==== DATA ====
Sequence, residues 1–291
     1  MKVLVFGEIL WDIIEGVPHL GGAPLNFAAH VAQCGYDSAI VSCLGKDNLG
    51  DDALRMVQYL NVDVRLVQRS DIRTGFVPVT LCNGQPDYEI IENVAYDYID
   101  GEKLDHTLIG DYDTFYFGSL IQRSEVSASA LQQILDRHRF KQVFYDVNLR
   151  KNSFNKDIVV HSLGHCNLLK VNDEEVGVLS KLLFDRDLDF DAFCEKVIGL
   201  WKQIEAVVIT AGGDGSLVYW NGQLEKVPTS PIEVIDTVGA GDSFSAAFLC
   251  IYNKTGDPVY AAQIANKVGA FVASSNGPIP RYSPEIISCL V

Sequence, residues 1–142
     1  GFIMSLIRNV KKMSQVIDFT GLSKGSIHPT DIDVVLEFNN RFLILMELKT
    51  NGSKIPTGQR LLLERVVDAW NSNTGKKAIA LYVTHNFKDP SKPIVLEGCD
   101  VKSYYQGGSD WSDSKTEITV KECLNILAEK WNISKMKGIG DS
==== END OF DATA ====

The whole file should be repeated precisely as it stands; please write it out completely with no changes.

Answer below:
Sequence, residues 1–291
     1  MKVLVFGEIL WDIIEGVPHL GGAPLNFAAH VAQCGYDSAI VSCLGKDNLG
    51  DDALRMVQYL NVDVRLVQRS DIRTGFVPVT LCNGQPDYEI IENVAYDYID
   101  GEKLDHTLIG DYDTFYFGSL IQRSEVSASA LQQILDRHRF KQVFYDVNLR
   151  KNSFNKDIVV HSLGHCNLLK VNDEEVGVLS KLLFDRDLDF DAFCEKVIGL
   201  WKQIEAVVIT AGGDGSLVYW NGQLEKVPTS PIEVIDTVGA GDSFSAAFLC
   251  IYNKTGDPVY AAQIANKVGA FVASSNGPIP RYSPEIISCL V

Sequence, residues 1–142
     1  GFIMSLIRNV KKMSQVIDFT GLSKGSIHPT DIDVVLEFNN RFLILMELKT
    51  NGSKIPTGQR LLLERVVDAW NSNTGKKAIA LYVTHNFKDP SKPIVLEGCD
   101  VKSYYQGGSD WSDSKTEITV KECLNILAEK WNISKMKGIG DS